Advertisement
YOU ARE HERE: Burbank HomeCollectionsGod

In Theory: Should pro- and anti-religion people advertise their beliefs?

October 25, 2013

The argument between believers and atheists has found a new and very public forum in recent years — billboards.

Pro- and anti-religion advertisements and messages have been appearing on the sides of buses in places as diverse as London and Dallas, on billboards in Australia and California, and now in New York's Times Square.

Paid for by the evangelical group Answers In Genesis, an electronic billboard there displays what the New York Times describes as “a friendly jab” at atheists: “To all of our atheist friends: Thank God you're wrong.”

Advertisement

The battle of the billboards has also been used provocatively, as when an atheist group paid to have the message, “You Know it's a Myth: This Season Celebrate Reason,” about Christmas, put above the Lincoln Tunnel in New York. Within a few days, a religious organization answered with, “You Know it's Real: This Season Celebrate Jesus” at the other end of the tunnel.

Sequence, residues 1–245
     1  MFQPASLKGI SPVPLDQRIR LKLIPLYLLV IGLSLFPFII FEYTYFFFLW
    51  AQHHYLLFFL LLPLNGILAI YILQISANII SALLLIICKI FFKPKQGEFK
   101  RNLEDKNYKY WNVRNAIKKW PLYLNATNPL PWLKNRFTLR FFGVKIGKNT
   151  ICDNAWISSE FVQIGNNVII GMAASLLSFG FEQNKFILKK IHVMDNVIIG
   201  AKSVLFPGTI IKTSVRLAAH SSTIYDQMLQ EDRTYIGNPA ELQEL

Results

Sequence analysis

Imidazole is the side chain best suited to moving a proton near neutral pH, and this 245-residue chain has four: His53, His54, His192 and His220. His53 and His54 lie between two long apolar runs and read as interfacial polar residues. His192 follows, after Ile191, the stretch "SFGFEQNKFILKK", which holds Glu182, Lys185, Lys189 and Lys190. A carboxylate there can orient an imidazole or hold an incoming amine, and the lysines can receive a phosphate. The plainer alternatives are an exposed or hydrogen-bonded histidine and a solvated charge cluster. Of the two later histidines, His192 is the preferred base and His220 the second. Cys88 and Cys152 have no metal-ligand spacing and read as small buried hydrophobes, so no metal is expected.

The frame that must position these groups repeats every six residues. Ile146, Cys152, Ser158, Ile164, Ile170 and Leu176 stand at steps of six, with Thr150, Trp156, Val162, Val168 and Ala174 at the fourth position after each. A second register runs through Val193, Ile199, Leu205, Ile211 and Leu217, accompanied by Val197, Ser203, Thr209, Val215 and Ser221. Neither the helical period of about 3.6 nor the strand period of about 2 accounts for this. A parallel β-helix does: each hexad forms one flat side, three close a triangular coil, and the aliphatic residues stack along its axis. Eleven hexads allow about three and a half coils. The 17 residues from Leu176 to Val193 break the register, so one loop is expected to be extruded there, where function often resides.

Q: What do you think of the opposing sides advertising their beliefs in such a way?

 
Context is everything, isn’t it? The experience of historical works, movies, television and novels is heightened as the viewers or readers have knowledge of the background, circumstances and frameworks in which a piece might have been composed. It is the overriding reason that Westerners are so influenced by pop culture. Humans are bombarded by not only the news, but also the media version of the milieu in which events happen, thereby also heavily informing the perspective that is derived from any event or series of events.

Holy seasons are a heady time, a time when beliefs and cultural practices come out of cardboard boxes that have been stored in the cupboard all year long. Those beliefs are checked to see if the lights are still working from last year, and then strung up on houses, places of worship, and of course now even on signboards. Spiritual believers must work hard to learn the contexts in which their beliefs were formed.

Burbank Leader Articles Burbank Leader Articles
|
|
|